In late December, Giuliano Luongo – IsAG Research Programme Director, African and Latina American Studies – interviewed Ambassador (Ad Honorem) Alexandros Mallias – former Ambassador of Greece to the United States – on the Syrian crisis.
Giuliano Luongo: In your opinion, which have been the main errors made by the international community in dealing with the Syrian conflict, from its beginning to present day?
Alexandros Mallias: The events in Syria and in the MENA (Middle East and North Africa) at large, as well as the past ones in the Balkans in the 90’s, for example, are neither the outcome of fatalism nor the effects of the so called history’s cycles. Let’s be frank: they were not unavoidable. They were all predictable. For example, the disintegration of Yugoslavia and the unfolding of the potential conflicts and wars in the heart of Europe, were predicted in the last US National Intelligence Estimate on Yugoslavia, drafted in October 1990, under the title “Yugoslavia Transformed”. It was declassified in December 2006 and is now available at the Woodrow Wilson Center. Yet, our political masters applauded by their diplomats, security advisers and speech writers preferred to close their eyes and ears. They simply ignored it. Indeed all of them adopted, within the Helsinki Process, in Paris, in November 1990, the “Paris Charter for a New Europe”; declaring inter alia in an self-congratulatory manner the “end of Europe’s division and wars” as well as that “Europe was liberating itself from its past”. What happens today in Syria, in Iraq, in Yemen, in Libya, in Mali, as well as the messy situation in Afghanistan since the 80’s, have a human signature. It is the result of human decisions. Few were right, most of them wrong; often, they also bear the signature of decisions for no-action, called inaction. I have a strong preference for the term “inertia”, which is the lack of good timing. The lack of synchronization between or better before the outbreak of events, and the action is becoming the characteristic and basic problem in global political problems. Some scholars argue that these are the collateral damages of the end of bipolarism . The real question is not related to bipolarism, oligopolarism or multipolarism; it is mostly about the ability and the capabilities of the organized international community for prognosis, knowledge and action. The weakness of the international institutions – in particular of the United Nations Security Council – to prevent conflicts and human tragedies accurately reflects the lack of willingness of the main international powers to act in concert. The P “5” (the five Permanent Members of the Security council) have at a large degree failed their mission and their duty entrusted upon them by the UN Charter to maintain peace and security. With very few exceptions, mainly from 1989 to 1992, the UNSC was unable and in fact unwilling to manage the outbreak of conflicts and hostilities at their early stages; before they became tragedies, dramas and chaos. Who is ready or willing to take the blame? National interests are often mingled with personal sentiments alleged visions and with miscalculations; last but not least unexpected events triumph over political scenarios. In the fragmented and interest-based division of the international community – United Nations Security Council, NATO and European Union included – the ”lessons not learned” policies prevail over the ”lessons learned” ones. Let me remind to Geopolitica’s initiated readers the E.U’s and NATO’s three-way split over the ”go to war” decisions for the Libyan case and the primary role that national interests took over the long-term European Union’s stability requirements. The same division also prevailed among NATO and EU member-states in relation to Syria. Twenty four centuries earlier, in Sparta, few days before Spartans decision to enter into the war against its rival Athens; the Athenian envoys urge the Spartans not to take swift decisions to join the war using also the following arguments:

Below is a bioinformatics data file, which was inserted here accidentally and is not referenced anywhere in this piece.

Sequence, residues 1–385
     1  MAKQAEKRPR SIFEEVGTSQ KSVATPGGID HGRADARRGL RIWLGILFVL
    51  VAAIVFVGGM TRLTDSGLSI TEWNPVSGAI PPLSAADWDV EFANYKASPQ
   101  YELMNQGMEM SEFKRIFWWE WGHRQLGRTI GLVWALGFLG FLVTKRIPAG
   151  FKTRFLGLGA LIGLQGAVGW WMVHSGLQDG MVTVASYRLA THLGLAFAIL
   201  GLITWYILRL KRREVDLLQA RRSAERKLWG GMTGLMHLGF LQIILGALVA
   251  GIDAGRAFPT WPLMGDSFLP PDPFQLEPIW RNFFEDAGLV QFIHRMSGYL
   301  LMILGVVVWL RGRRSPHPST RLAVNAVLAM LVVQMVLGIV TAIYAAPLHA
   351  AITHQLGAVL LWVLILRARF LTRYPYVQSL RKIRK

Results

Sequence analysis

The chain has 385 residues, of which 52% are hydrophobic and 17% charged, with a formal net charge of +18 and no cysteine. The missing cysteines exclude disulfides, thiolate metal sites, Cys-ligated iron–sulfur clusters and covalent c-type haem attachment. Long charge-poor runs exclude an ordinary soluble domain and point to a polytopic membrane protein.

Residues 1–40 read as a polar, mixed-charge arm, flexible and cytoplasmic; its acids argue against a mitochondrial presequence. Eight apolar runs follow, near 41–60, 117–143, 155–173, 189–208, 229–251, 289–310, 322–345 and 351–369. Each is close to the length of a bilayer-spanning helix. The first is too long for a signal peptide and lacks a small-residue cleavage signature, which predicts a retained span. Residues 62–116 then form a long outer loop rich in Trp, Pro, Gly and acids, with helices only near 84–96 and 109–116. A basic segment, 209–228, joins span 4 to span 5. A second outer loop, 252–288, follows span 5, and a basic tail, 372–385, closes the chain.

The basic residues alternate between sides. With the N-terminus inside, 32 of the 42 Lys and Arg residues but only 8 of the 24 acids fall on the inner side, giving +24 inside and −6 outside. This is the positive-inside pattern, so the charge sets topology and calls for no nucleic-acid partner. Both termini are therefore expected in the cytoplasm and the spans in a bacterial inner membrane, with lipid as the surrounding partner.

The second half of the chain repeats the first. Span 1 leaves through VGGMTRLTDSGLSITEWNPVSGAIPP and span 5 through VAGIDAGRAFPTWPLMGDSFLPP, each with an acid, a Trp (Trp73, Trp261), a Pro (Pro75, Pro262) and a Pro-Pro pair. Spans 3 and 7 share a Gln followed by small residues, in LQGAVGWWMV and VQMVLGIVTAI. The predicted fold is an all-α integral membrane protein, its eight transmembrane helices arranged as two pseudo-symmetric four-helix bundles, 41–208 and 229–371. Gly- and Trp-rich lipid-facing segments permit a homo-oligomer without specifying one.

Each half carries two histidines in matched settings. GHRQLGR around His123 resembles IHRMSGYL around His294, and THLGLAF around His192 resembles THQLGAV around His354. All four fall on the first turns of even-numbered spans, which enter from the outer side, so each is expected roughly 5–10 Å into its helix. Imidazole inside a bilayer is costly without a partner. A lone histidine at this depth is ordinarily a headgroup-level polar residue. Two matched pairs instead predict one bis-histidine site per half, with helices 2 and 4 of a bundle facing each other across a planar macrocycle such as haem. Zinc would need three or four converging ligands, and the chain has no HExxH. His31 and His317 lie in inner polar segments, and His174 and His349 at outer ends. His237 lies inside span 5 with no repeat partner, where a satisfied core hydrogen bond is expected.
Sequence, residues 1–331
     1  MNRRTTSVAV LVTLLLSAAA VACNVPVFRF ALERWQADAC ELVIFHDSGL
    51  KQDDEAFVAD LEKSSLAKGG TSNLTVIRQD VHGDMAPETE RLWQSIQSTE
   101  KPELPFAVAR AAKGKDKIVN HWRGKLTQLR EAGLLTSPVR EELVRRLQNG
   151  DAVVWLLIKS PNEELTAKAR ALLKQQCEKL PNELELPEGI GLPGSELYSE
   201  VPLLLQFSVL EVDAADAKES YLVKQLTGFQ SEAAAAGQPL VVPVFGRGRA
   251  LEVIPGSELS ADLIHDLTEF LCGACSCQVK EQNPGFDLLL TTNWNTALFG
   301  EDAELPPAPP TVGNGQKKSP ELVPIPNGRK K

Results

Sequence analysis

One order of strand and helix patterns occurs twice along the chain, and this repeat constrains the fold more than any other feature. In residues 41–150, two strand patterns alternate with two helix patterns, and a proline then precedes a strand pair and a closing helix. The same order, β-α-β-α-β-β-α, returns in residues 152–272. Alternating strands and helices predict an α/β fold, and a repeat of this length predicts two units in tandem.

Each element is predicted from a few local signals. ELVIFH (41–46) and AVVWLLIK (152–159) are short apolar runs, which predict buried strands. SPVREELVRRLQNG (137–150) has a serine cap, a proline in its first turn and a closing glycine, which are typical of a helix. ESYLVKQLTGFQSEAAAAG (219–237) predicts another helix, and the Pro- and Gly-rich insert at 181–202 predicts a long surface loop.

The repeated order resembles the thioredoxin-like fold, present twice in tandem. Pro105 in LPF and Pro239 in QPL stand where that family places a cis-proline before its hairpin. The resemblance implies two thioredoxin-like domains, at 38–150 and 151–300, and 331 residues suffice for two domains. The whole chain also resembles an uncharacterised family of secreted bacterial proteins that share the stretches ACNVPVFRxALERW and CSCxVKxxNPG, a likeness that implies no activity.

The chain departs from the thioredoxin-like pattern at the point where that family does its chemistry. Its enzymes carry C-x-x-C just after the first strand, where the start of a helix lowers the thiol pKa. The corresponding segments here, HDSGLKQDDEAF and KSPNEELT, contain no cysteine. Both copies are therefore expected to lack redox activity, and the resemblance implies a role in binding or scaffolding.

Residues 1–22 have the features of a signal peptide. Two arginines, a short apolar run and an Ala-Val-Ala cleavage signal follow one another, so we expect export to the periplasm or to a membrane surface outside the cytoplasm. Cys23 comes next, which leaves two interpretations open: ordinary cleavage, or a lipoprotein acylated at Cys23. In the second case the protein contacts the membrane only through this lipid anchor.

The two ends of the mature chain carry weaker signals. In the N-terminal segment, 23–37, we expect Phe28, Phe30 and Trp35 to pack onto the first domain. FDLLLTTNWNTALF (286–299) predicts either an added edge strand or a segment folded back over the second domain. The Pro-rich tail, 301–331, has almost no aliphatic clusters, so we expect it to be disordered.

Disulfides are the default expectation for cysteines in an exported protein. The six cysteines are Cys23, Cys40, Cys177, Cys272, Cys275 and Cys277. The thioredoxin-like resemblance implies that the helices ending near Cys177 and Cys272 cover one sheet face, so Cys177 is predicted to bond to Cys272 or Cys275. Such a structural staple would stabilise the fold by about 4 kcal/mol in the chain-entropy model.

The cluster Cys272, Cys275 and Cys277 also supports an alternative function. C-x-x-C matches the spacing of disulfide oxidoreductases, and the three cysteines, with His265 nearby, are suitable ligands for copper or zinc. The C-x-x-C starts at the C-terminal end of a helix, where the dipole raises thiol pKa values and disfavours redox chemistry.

Wars and hostilities last more than planned. The longer a war lasts, the more unforeseen tragedies happened. This is neither an anathema nor a prophecy. There is always a causality effect between acts and their consequences. When planning and before deciding the course of events the right question to ask is “why” rather than the often asked “why not?”
Now, do we have a Plan? We need to apply the tactics and the methodology we use in mathematics and physics. Before responding to the problem, we need to define it. Identifying any problem requires the gathering of appropriate information, good and manageable intelligence. The “Iraqi Freedom etc..” 2003 invasion operation was inter alia lacking a sound and consolidated Reconstruction Plan. A Plan to manage Iraq once Saddam was toppled. Secretary Donald Rumsfeld and others running the show in Washington from their Penn Avenue Situation Room, had little appetite for a Bosnia or Kosovo like State-building operation in Iraq. Yet, this in fact was by far the biggest problem for the Bush-Cheney Administration. The insurgency was the pick of the war in Iraq; it started after the “mission accomplished” banner was displayed. In Syria, since 2011, the target has been constantly changed. Not for all? Not by all? Yet, the division and polyphony over the ”end product” was until very recently there, notwithstanding the heinous terrorist attacks in Paris, in Beirut, as well as the criminal shooting down of the Russian aircraft over Sinai. I intentionally prefer to use a diplomatic language here as we still mourn the victims of barbarism response. My rhetoric questions are the following: